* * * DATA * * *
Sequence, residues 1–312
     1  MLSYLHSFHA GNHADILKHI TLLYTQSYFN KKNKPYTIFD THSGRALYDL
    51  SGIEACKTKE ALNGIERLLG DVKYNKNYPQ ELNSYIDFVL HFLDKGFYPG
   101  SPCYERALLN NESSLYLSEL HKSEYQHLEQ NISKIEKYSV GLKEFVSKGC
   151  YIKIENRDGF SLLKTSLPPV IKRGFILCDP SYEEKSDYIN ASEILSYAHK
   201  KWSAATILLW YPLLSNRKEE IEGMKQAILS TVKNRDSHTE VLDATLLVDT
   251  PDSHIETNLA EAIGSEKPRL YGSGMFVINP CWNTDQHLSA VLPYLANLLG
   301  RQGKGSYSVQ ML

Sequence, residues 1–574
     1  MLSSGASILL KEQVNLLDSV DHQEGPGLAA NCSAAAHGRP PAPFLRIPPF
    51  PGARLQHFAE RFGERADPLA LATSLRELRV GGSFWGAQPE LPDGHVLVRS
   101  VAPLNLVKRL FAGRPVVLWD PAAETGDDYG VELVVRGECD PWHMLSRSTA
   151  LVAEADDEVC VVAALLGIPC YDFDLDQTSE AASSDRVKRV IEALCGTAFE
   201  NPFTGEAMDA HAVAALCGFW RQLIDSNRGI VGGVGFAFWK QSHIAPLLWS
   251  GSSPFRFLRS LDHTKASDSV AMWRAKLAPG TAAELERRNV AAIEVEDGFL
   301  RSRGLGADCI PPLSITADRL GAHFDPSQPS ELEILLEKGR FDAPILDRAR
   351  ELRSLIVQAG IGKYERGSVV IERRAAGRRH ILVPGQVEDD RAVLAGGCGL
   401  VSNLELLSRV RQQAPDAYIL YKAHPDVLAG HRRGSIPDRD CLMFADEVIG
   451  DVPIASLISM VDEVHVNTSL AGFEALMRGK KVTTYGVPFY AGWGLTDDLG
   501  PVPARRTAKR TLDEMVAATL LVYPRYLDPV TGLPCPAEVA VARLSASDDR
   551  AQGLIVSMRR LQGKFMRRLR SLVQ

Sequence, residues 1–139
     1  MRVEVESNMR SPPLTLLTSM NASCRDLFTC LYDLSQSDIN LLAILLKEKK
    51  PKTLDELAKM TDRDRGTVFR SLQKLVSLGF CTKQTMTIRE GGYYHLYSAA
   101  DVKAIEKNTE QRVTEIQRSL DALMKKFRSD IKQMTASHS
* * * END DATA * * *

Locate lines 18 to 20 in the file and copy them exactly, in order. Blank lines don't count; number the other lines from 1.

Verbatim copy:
   401  VSNLELLSRV RQQAPDAYIL YKAHPDVLAG HRRGSIPDRD CLMFADEVIG
   451  DVPIASLISM VDEVHVNTSL AGFEALMRGK KVTTYGVPFY AGWGLTDDLG
   501  PVPARRTAKR TLDEMVAATL LVYPRYLDPV TGLPCPAEVA VARLSASDDR